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11 F.(2d) 18

In Error to the District Court of the United States for the Southern District of West Virginia, at Charleston; George W. McClintic, Judge.

Ralph E. Tincher, Otto H. Beigel, D. J. Dillingham, and J. W. Smith were convicted of violating Penal Code, § 215, for fraudulent use of the mails, and they bring error.


The plaintiffs in error, hereinafter called defendants, were convicted of violating the statute against fraudulent use of the mails. Section 215 of the Penal Code (Comp. St. § 10385.) The fraud in connection with which the mails were used was a swindling scheme involving the sale of worthless oil leases. The plan followed by defendants was substantially as follows:

They would for a nominal consideration have an oil lease which they knew to be practically worthless made to one of their number as lessee. Then, having selected an in

tended victim in a section remote from the land which was the subject of the lease, another of the defendants would approach him, claiming to be the representative of a wealthy oil company anxious to purchase the lease and willing to pay a large sum of money therefor. The holder of the lease was rep resented as being ignorant of its value, and the victim was asked to aid in the purchase, ostensibly that the ignorant holder might not learn that his property was desired by the oil company. Having thus enlisted the services of the victim, the pretended representative would propose that they together defraud the company, by making the purchase themselves and reselling to the company at a large profit. A meeting would be arranged

between the victim and another of the de

fendants, who would pose as the president of the company, and would agree in its behalf to purchase the lease at an extravagant figure. The holder of the lease would then close the trade with the victim, who would awake, after he had parted with his money, to find that the affluent company, the prosperous president, the plausible representative, and the ignorant leaseholder had suddenly vanished. The record shows that this scheme, with minor variations, was worked by various of the defendants in perpetrating or attempting to perpetrate at least nine different frauds.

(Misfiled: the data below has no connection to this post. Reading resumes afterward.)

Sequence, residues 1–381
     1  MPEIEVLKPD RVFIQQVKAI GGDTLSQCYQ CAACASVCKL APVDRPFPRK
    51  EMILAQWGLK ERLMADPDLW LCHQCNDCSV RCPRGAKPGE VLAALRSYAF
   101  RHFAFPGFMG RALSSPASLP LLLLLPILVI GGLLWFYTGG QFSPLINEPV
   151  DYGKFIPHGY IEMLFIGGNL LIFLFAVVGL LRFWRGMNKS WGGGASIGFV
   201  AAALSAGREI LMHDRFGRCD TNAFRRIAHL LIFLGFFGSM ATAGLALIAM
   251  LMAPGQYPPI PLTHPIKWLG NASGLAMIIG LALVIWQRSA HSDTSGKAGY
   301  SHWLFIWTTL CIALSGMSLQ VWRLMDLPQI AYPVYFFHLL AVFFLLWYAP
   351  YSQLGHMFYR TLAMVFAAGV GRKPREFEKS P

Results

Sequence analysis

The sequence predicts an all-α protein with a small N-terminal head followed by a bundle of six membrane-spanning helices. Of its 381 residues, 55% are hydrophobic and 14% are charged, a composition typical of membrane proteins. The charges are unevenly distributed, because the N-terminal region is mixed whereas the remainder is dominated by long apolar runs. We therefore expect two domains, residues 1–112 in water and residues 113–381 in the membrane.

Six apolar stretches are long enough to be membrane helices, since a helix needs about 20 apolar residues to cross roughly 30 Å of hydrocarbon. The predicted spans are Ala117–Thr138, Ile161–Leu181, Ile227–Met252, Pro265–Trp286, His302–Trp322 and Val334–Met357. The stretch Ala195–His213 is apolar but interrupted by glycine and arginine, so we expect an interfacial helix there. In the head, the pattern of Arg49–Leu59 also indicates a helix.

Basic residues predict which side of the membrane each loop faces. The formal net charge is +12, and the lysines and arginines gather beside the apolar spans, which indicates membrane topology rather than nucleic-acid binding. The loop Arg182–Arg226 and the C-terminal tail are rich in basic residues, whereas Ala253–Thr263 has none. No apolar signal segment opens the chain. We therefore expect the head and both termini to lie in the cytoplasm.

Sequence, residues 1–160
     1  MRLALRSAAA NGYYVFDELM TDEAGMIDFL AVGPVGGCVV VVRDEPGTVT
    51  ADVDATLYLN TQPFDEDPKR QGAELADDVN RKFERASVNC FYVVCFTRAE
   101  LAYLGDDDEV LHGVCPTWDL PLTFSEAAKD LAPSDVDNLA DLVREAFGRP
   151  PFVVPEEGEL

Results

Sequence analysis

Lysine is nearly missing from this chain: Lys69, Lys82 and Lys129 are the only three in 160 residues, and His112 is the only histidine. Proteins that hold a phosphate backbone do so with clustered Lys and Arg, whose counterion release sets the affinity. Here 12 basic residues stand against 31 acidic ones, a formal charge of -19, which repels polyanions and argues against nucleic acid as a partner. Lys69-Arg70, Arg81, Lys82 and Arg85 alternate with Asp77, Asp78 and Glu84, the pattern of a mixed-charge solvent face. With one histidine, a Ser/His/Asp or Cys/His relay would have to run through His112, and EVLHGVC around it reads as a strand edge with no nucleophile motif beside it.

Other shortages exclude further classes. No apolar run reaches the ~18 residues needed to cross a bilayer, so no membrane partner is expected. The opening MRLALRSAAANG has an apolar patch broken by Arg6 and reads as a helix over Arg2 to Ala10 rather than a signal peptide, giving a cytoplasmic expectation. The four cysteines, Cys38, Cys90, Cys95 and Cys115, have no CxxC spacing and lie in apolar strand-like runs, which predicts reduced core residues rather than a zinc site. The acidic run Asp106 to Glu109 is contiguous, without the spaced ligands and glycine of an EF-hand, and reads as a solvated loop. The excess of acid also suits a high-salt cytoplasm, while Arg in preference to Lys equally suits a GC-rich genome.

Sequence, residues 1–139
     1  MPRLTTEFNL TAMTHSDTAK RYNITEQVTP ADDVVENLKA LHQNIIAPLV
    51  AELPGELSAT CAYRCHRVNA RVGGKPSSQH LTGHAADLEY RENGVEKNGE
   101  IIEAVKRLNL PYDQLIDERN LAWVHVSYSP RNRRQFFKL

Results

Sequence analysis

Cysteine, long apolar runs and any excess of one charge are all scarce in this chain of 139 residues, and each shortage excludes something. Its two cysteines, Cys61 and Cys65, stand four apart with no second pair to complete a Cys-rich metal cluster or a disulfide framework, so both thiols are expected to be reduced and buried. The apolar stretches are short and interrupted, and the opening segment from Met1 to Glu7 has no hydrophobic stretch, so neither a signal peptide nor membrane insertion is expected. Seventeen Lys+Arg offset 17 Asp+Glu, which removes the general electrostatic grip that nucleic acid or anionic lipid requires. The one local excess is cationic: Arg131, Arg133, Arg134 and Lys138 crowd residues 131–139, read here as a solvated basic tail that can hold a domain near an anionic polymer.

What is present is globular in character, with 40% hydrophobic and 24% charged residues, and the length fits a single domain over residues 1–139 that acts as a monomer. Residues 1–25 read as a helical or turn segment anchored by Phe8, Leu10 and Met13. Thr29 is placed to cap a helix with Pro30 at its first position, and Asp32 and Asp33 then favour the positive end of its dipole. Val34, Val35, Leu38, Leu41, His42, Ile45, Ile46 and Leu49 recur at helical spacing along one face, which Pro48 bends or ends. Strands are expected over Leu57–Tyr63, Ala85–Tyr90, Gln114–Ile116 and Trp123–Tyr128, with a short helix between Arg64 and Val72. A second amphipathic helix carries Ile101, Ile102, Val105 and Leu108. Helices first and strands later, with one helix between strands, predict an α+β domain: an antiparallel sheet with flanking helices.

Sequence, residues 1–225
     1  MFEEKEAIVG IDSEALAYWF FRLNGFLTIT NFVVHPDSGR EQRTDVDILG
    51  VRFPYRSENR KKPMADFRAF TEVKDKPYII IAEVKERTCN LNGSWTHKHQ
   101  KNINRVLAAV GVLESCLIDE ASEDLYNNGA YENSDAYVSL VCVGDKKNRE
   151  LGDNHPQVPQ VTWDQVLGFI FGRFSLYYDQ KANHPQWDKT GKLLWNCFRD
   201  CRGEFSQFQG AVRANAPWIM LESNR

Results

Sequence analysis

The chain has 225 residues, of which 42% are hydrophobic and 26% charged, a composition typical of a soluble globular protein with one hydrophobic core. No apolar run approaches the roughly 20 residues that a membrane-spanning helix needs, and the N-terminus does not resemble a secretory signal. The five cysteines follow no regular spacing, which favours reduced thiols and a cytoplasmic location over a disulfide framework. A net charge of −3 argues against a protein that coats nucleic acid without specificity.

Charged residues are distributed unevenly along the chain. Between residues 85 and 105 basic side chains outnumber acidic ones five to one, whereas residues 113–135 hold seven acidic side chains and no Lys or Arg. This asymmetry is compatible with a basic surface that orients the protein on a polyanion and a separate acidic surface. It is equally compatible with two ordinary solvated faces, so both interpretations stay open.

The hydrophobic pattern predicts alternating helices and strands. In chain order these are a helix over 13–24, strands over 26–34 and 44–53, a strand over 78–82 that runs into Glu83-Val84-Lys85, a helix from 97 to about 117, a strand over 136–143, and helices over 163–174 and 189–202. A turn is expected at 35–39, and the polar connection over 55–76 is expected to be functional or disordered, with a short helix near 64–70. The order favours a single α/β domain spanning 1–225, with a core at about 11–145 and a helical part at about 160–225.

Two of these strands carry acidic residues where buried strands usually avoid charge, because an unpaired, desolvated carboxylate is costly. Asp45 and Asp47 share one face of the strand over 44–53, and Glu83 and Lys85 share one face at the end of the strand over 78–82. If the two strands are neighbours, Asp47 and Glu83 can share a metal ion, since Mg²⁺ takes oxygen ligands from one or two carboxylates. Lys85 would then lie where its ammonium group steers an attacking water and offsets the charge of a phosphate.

The lease referred to in this indictment was an oil lease on 30 acres of land in Meigs county, Ohio, executed on April 12, 1924, by one Geary to defendant Smith, for which Smith had agreed to pay $350, and the value


of which did not exceed that amount. June, 1924, Smith, in conjunction with the defendants Dillingham and Tincher and one Root, brother-in-law of Tincher, attempted to sell the lease to one E. B. Thompson, of Jackson, Ohio. Dillingham and Root represented to Thompson that they desired to purchase this lease and would not allow $50,000 stand in the way of their getting it. They urged Thompson to get in touch with Smith and help them purchase it. Thompson did get in touch with Smith, and Smith attempted to sell him a two-thirds interest in the lease for $8,000, but Thompson became suspicious and called the deal off.

Having failed on Thompson, Smith on September 10, 1924, wrote a letter to the Farmers' & Merchants' Bank of Catlettsburg, Ky., inclosing the lease, together with Dillthe lease be delivered to Dillingham upon lingham's note for $1,000, and directed that payment of the note. A few days later the defendant Tincher showed up in the office of one C. A. Croft, of Madison, W. Va., who up to that time had known none of the defendants, except Smith. Tincher asked Croft whether he knew a man by the name of Dillingham. Upon Croft replying in the negative, he stated that he was anxious to locate Dillingham; that Dillingham had a valuable oil lease, which he (Tincher) as representative of an oil company was anxious to acquire. At Tincher's suggestion Croft got in communication with Dillingham and entered into negotiations with him. Dillingham asked $7,000 for the lease. Tincher and offered Croft $1,000 to buy it for him represented that it was worth much more, at that price.